11 of the Best Things to do in Antarctica
Travel to Antarctica has come a long way baby and you don’t have to spend your time on a cot somewhere in the back of a research ship either.
There’s actually a lot of amazing things to do in Antarctica that make it the pinnacle of travel destinations.
And you don’t have to spend your day sitting on deck looking for wildlife, there are tons of ways to explore the continent.
When Quark Expeditions offered us the chance to go kayaking in Antarctica I didn’t know what to expect. I was nervous about kayaking in such cold water and I thought that maybe we’d get out on the water once or twice during the cruise.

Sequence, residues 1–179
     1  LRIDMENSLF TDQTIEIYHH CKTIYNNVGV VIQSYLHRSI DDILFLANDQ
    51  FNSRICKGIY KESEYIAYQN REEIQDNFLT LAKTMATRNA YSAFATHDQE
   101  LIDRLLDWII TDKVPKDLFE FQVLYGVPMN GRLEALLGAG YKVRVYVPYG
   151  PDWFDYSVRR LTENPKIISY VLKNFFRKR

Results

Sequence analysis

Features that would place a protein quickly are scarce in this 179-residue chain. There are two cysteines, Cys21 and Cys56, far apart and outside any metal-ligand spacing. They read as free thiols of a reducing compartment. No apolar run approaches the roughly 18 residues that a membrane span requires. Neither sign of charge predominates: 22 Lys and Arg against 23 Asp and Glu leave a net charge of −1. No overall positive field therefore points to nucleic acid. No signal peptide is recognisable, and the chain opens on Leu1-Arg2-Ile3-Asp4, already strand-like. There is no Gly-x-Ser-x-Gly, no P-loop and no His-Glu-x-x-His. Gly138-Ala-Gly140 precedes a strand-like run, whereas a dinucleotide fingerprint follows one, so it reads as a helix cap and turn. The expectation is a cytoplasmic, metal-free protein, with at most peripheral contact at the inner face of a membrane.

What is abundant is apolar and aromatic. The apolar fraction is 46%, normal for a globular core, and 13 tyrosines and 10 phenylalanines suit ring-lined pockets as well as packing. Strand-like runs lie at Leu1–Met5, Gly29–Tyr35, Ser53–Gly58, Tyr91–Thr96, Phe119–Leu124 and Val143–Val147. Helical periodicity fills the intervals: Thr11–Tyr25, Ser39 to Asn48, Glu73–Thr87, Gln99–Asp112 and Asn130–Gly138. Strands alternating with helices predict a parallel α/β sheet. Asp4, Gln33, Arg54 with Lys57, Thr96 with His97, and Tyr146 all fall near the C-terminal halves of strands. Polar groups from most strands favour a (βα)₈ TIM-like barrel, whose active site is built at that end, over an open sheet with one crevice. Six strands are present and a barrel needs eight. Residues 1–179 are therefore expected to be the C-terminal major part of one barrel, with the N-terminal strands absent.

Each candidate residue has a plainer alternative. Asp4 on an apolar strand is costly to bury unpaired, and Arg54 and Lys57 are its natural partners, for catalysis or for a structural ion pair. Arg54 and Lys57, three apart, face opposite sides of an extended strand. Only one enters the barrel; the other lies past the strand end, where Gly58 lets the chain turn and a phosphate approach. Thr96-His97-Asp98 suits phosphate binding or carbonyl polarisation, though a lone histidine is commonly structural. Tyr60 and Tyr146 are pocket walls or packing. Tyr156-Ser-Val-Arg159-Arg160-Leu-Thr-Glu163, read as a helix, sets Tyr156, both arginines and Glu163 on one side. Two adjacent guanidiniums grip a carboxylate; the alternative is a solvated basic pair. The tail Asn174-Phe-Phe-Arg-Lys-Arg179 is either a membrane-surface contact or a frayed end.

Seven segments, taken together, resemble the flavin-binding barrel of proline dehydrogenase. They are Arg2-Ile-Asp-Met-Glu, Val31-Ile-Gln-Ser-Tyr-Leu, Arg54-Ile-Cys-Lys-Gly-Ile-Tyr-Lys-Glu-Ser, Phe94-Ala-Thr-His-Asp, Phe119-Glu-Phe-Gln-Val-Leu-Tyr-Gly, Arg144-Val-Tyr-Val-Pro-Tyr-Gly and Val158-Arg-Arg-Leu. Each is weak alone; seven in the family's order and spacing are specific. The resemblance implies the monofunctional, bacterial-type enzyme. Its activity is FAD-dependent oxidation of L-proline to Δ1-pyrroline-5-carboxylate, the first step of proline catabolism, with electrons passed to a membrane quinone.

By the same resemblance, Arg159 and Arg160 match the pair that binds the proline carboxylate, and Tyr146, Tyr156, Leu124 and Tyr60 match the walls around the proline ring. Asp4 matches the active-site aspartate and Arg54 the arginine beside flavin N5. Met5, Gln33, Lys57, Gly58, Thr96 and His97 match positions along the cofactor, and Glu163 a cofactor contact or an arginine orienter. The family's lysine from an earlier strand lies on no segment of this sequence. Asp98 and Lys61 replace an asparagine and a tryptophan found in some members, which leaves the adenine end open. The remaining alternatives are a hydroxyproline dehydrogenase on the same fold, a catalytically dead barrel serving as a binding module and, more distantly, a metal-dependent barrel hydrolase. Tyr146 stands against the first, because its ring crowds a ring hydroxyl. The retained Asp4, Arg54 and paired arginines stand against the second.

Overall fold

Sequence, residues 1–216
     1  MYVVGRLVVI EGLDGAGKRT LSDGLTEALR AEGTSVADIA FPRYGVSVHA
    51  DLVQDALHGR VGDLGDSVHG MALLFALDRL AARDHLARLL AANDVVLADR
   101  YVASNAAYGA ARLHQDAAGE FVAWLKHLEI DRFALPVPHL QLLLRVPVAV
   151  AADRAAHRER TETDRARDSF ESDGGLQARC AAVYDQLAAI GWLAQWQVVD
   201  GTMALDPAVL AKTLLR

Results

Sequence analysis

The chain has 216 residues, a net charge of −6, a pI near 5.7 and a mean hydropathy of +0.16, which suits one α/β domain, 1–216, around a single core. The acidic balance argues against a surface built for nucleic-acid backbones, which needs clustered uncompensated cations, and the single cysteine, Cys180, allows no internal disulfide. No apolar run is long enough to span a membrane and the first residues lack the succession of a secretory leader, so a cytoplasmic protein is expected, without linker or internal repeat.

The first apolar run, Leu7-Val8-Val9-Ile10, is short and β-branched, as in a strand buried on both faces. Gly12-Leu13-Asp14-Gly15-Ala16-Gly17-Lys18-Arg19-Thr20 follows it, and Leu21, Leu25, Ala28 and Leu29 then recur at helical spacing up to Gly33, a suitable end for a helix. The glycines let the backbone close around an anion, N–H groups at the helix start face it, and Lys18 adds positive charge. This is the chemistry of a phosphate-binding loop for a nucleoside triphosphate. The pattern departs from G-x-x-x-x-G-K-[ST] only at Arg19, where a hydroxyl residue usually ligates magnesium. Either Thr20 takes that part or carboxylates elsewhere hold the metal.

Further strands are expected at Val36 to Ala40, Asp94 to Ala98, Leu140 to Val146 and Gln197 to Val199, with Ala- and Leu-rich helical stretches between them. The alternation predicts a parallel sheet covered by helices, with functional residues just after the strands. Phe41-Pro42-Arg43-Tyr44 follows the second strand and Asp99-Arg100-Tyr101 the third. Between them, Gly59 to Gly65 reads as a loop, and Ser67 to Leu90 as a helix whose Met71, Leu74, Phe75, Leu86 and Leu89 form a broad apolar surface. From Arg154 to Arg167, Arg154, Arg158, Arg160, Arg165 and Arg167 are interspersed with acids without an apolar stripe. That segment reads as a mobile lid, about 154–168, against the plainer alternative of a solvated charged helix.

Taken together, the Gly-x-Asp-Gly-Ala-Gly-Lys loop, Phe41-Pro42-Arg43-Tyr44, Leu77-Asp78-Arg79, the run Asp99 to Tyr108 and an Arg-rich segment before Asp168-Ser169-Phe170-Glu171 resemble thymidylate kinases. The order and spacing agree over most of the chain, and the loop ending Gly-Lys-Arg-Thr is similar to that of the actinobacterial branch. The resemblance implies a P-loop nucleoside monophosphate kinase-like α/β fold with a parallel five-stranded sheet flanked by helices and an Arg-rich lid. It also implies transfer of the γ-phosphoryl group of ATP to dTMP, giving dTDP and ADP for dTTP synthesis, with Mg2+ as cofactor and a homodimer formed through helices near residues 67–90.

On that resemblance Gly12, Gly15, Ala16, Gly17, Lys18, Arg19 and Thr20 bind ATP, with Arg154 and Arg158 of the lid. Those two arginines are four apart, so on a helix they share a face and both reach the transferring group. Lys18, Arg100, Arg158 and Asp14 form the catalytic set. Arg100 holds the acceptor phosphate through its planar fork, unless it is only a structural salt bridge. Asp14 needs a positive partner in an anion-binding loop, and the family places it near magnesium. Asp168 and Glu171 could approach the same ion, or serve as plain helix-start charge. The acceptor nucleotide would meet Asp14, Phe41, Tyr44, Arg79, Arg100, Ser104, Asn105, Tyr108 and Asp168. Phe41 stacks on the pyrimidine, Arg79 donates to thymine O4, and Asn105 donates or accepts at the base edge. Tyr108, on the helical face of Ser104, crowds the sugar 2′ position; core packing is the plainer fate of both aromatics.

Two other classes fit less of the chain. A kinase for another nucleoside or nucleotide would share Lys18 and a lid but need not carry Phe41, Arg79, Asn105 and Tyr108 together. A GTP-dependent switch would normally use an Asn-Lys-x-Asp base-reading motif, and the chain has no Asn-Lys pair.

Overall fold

We ended up kayaking 8 times in Antarctica and it was magnificent.
We floated quietly past leopard seals sunning themselves on ice flows, we circumnavigated icebergs floating in the middle of the sea, and we paddled with penguins jumping through the air at the front of our boats. It was an extraordinary way to quietly explore the Antarctic Peninsula and it was the adventure of a lifetime as we paddled through brash ice and along the wild Antarctic coast.
2. Polar Plunge
If you asked me what I thought of the polar plunge while I was taking part in this zany adventure, I would have told you not to do it and it’s the lowest thing to do on my list.
However, now that I am home and in the comforts of a warm and cozy house, I say it’s one of the top things to do in Antartica.
Why? Because how often do you get to tell people that you jumped into sub-zero waters in the South Pole and lived to tell the tale.
It’s the extreme spectrum of adventure travel and not many people will be able to top you once you’ve told them you survived the polar plunge.
Few people have travelled to Antarctica and even fewer have actually stayed overnight on the continent.